The highway investment scenarios presented in this report are developed in part from the Highway Economic Requirements System (HERS), which uses benefit-cost analysis to optimize highway investment. The HERS model quantifies user, agency, and societal costs for various types and combinations of improvements, including travel time and vehicle operating, safety, capital, maintenance, and emissions costs. Bridge investment scenario estimates are developed from the National Bridge Investment Analysis System (NBIAS) model. Unlike earlier bridge models (and similar to HERS), NBIAS incorporates benefit-cost analysis into the bridge investment/performance evaluation.

The transit investment analysis is based on the Transit Economic Requirements Model (TERM). The TERM consolidates older engineering-based evaluation tools and introduces a benefit-cost analysis to ensure that investment benefits exceed investment costs. TERM identifies the investments needed to replace and rehabilitate existing assets, improve operating performance, and expand transit systems to address the growth in travel demand.

The HERS, NBIAS, and TERM models have not yet evolved to the point where direct multimodal analysis is possible. While the three models all utilize benefit-cost analysis, their methods for implementing this analysis are very different. The highway, transit, and bridge models are all based on separate databases that are very different from one another. Each model makes use of the specific data available for its part of the transportation system and addresses issues unique to each mode. For example, HERS assumes that when lanes are added to a highway, this causes highway user costs to fall, resulting in additional highway travel. Under this assumption, some of this increased traffic would be newly generated travel and some could be the result of travel shifting from transit to highways. However, HERS does not distinguish between different sources of additional highway travel. At present, there is no truly accurate method for predicting the impact that a given level of highway investment would have on the future performance of transit systems. Likewise, TERM’s benefit-cost analysis assumes that some travel shifts from automobile to transit as a result of transit investments, but cannot project these investments’ impact on highways.

In interpreting the findings of this report, it is important to recognize the limitations of these analytical tools and the potential impacts of different assumptions that have been made as part of the analysis. Appendix D and the Introduction to Part II both contain information critical to contextualizing the future investment scenarios, and these issues are also discussed in Q&A boxes located in Chapters 7 through 10.

Changes to C&P Report Scenarios from 2010 Edition

The selected capital investment scenarios presented in Chapter 8 are framed somewhat differently from those presented in the 2010 edition of the C&P report. While the transit scenario definitions have remained largely unchanged, the highway and bridge scenarios have been revised.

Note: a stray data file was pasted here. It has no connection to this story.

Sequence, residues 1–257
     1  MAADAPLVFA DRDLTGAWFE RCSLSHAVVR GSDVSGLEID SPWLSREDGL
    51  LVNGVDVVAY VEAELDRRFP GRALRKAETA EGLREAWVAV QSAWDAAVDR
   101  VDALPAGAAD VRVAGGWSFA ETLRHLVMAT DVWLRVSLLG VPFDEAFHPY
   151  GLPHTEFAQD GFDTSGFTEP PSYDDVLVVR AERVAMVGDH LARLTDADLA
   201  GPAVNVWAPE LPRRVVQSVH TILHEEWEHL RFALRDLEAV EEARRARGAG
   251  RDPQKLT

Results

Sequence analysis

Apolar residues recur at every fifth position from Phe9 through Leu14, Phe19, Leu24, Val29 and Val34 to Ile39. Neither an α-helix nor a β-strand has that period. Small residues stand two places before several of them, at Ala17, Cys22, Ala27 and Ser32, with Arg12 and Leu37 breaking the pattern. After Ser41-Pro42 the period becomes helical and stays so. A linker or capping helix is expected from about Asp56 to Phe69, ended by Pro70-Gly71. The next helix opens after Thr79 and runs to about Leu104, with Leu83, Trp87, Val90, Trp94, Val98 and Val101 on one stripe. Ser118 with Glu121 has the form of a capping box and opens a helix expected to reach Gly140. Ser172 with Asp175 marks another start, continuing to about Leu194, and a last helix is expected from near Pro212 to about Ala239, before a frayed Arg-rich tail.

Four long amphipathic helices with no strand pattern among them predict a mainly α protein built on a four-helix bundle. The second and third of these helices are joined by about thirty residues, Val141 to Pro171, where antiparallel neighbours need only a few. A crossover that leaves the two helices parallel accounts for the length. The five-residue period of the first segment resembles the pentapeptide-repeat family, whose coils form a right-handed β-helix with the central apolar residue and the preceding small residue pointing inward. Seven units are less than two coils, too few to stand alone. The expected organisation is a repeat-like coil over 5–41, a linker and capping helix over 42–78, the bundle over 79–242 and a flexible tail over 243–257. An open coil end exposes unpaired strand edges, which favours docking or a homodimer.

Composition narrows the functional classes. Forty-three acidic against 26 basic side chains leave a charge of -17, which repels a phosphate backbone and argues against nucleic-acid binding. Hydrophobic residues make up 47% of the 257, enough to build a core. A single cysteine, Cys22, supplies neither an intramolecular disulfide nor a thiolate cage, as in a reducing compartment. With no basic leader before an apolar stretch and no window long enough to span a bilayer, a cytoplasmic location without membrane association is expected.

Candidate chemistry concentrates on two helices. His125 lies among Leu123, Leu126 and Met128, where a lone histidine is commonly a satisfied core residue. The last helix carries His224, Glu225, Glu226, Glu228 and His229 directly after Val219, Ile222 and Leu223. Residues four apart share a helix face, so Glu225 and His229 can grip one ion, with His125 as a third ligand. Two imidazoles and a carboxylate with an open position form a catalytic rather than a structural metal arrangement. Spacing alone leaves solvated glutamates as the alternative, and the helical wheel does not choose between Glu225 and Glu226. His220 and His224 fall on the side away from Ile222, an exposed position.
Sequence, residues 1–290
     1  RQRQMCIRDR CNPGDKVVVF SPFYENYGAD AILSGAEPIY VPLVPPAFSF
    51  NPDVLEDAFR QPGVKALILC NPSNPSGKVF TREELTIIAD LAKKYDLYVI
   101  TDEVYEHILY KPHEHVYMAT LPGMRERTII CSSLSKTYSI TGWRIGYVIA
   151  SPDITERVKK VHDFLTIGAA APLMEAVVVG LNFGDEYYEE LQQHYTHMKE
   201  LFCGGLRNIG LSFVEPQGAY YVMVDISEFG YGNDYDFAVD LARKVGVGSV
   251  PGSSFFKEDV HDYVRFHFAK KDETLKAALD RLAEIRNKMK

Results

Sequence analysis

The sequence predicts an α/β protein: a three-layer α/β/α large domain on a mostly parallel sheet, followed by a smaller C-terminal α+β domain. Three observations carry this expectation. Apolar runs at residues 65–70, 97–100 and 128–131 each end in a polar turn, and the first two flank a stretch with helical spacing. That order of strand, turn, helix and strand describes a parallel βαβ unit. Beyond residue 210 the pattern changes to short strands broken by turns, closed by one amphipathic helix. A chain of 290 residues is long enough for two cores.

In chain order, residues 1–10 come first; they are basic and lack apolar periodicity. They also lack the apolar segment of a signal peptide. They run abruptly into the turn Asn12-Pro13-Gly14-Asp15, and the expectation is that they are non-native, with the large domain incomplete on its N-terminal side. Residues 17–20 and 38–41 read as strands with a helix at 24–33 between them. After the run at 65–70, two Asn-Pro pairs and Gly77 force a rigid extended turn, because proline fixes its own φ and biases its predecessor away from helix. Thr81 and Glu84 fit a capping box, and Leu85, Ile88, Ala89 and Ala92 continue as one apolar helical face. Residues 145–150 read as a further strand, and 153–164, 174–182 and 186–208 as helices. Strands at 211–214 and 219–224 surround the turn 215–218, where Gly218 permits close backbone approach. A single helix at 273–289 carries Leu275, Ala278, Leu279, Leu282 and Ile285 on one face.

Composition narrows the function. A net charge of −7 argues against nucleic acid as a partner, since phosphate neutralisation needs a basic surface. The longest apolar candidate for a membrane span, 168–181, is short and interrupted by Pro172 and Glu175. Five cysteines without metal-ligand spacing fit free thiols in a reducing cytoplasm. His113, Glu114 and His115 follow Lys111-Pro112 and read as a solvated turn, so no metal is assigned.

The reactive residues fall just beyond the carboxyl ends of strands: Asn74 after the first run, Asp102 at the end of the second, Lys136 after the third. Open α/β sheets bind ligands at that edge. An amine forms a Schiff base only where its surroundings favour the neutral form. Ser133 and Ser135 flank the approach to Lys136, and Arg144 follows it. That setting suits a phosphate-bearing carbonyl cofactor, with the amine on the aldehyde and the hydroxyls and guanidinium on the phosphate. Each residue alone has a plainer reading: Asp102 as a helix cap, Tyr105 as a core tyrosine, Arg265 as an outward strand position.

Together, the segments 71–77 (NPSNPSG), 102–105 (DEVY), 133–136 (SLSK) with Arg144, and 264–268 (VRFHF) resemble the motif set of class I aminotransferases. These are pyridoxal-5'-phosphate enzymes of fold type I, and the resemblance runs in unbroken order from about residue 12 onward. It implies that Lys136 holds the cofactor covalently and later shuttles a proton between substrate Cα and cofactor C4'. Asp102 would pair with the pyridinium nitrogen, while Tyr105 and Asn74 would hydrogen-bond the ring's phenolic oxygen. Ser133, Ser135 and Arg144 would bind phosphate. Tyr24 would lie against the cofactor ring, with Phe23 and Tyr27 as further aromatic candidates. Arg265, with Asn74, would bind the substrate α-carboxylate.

The 2010 C&P Report presented a single version of each highway and bridge scenario in Chapter 8, based on modeled projections of future vehicle miles of travel (VMT) for individual highway sections provided by the States to the HPMS. This edition includes some scenarios that assume lower future VMT growth based on the historic trend over the past 15 years; these alternative analyses are referred to as “Trend-Based” in this report.

The 2010 C&P Report introduced Low Growth and High Growth scenarios for transit, which are retained in this edition. The former is based on modeled transit ridership projections developed by Metropolitan Planning Organizations (MPOs), while the latter assumes higher future ridership based on the historic trend over the last 15 years.

The Maintain Conditions and Performance scenario for highways and bridges presented in the 2010 C&P Report used average speed and the economic bridge investment backlog as primary indicators. This edition instead targets average pavement roughness, average delay per VMT, and the average bridge sufficiency rating in defining this scenario.

The highway and bridge components of the Intermediate Improvement scenario presented in the 2010 C&P Report used the same annual growth in spending, based on HERS analysis. For this edition, the highway and bridge components were derived independently, with the bridge component based on achieving half of the improvement to average bridge sufficiency rating projected by NBIAS for the Improve Conditions and Performance scenario.

Cautionary Notes on Using This Report

In order to correctly interpret the analyses presented in this report, it is important to understand the framework in which they were developed and to recognize their limitations. This document is not a statement of Administration policy, and the future investment scenarios presented are intended to be illustrative only. The report does not endorse any particular level of future highway, bridge, or transit investment. It does not address what future Federal surface transportation programs should look like, or what level of future surface transportation funding can or should be provided by the Federal government, State governments, local governments, the private sector, or system users. Making recommendations on policy issues such as these would go beyond the legislative mandate for the report and would violate its objectivity. Outside analysts can and do make use of the statistics presented in the C&P report to draw their own conclusions, but any analysis attempting to use the information presented in this report to determine a target Federal program size would require a whole series of additional policy and technical assumptions that go well beyond what is reflected in the report itself.